Energy price hikes hurting small business cashflow as data suggests bills have doubled since 2007
Monday, February 27, 2017/
Modelling from the government’s energy subcommittee shows small businesses could be slammed with huge power bills this year as the contentious debate around energy prices rages on.
The Daily Telegraph reports data from the newly established Energy Committee reveals electricity prices have more than doubled since 2007.
A medium sized restaurant located in Sydney’s CBD paid around $8031 per year for electricity in 2007, but the government’s modelling suggests that same restaurant could pay as much as $16,544 in 2017, reports The Daily Telegraph.
Similarly, The Daily Telegraph reports a hairdressing salon in Sydney’s west could see costs increase from $2159 to $4881.
It’s not just Sydney businesses affected, with the modelling suggesting a café in the seat of Queanbeyan, south of Canberra, could see increases from $2614 in 2007 to $5385 in 2017.
The findings come from Prime Minister Malcolm Turnbull’s newly appointed cabinet subcommittee, which includes Minister for Environment and Energy Josh Frydenberg.
Minister Frydenberg told The Daily Telegraph that businesses were “feeling the pressure” over hikes in energy prices, and the government was taking steps to attempt to lower prices.
“Every business is feeling the pressure of higher electricity prices and every dollar they have to spend unnecessarily on their power bills leaves less money to reinvest in their business to create jobs,” Minister Frydenberg told The Daily Telegraph.
The rising price of energy in Australia has taken centre stage in recent weeks as both parties have attacked each other’s policies.
The Liberal coalition government continues to push for more support for coal-based power, while Labor wants to work towards 50% of Australia’s energy coming from renewable sources by 2030.
When contacted by SmartCompany, the Department of Environment and Energy provided the following table detailing power bills in NSW:
Carnell: Reliability and cost big issues for small business
Small business have also been swept up in the debate, and Australian Small Business and Family Enterprise Ombudsman (ASBFEO) Kate Carnell told SmartCompany the discussion had fired up over the last few months.
“It wasn’t a point of discussion for a while, but all of a sudden over the last three or four months it’s really gotten top of mind,” Carnell says.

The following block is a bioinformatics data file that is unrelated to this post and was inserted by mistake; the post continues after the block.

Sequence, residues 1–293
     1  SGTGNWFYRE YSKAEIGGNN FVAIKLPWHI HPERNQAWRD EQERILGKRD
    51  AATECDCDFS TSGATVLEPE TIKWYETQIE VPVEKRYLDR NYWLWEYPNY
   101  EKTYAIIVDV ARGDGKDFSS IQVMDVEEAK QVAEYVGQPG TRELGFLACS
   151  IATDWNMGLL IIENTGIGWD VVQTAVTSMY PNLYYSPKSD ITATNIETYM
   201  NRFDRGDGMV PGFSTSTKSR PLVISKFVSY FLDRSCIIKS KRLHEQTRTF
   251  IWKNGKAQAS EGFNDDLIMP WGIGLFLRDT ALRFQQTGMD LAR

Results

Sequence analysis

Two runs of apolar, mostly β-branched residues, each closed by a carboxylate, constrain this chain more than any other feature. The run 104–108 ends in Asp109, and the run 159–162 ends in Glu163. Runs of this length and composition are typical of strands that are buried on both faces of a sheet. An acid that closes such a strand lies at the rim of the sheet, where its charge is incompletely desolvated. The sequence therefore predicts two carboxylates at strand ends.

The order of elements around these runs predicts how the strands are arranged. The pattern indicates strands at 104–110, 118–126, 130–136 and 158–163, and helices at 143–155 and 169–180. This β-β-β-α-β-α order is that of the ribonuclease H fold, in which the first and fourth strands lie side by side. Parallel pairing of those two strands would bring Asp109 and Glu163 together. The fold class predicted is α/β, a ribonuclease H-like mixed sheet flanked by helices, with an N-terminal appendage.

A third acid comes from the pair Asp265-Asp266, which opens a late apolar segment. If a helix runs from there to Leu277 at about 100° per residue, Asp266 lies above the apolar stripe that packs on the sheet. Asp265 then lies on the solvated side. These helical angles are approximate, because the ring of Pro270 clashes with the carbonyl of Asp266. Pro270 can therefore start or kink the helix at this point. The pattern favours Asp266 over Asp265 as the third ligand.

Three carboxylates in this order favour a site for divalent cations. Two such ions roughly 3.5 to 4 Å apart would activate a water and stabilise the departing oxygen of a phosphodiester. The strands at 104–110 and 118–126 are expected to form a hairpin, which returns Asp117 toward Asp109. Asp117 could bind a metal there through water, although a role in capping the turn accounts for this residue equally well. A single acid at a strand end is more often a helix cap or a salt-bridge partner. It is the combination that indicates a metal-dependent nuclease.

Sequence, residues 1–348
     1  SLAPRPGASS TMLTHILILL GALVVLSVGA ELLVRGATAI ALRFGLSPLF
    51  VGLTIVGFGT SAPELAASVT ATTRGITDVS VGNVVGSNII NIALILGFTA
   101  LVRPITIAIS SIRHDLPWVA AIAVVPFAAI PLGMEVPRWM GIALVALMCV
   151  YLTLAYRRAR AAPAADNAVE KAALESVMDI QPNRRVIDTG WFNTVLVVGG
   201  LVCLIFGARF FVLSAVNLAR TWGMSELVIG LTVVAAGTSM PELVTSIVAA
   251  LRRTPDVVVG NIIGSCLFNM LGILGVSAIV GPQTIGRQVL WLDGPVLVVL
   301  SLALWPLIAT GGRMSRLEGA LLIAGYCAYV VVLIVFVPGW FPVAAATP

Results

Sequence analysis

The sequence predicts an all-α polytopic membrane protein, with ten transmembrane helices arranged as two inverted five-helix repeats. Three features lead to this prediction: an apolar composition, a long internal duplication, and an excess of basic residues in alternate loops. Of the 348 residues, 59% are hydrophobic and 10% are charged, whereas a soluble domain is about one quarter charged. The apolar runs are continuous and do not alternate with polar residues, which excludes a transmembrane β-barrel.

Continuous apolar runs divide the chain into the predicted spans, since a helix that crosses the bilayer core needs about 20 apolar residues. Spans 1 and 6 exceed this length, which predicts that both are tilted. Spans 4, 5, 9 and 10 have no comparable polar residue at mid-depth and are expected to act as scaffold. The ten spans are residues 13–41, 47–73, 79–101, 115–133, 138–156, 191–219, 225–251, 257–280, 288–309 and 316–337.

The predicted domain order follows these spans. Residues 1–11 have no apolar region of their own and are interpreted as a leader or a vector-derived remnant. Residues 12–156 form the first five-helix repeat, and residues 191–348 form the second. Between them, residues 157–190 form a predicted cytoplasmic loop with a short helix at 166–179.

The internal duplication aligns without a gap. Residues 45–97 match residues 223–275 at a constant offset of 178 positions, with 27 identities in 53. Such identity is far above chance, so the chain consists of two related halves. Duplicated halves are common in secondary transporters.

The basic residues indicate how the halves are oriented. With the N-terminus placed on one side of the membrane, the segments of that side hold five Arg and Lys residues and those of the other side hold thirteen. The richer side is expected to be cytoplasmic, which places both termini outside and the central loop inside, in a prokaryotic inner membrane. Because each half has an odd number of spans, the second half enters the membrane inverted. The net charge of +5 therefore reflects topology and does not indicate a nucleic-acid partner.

Carnell has been in South Australia over the past weeks, consulting business owners in the area over the biggest issues for them. Power costs and reliability were the biggest issues “by a country mile” Carnell says.
“One thing obviously on the mind of South Australian business owners is cost of power and reliability of power,” she says.
Carnell notes concerns over price hikes are similar around the country, saying it’s becoming a “bigger issue”.
“There’s been some not insignificant price hikes over the last 12 months or so, which has made it a major issues for a lot of small businesses,” Carnell says.
For a solution, Carnell believes the parties must overcome their differences and agree on policies.
“What needs to happen is a bipartisan national energy policy. There needs to be confidence in our power systems,” she says.
“Power needs to be reliable, and power prices need to be reliable. Small businesses expect power prices to increase, but they shouldn’t be tracking higher than inflation rates.”
Small businesses of all types are hit harder by energy cost increases, as they lack the ability to negotiate with power companies, Carnell believes.
“SMEs have less capacity to negotiate with power companies, where big businesses usually have room to negotiate,” she says.
Power outages can also cause significant cashflow issues for businesses, she says.
“A lot of SMEs in South Australia were insured, but we couldn’t find many who had been paid their insurance payouts from the first major outage,” she says.
“This can cause significant cashflow issues for small businesses.”
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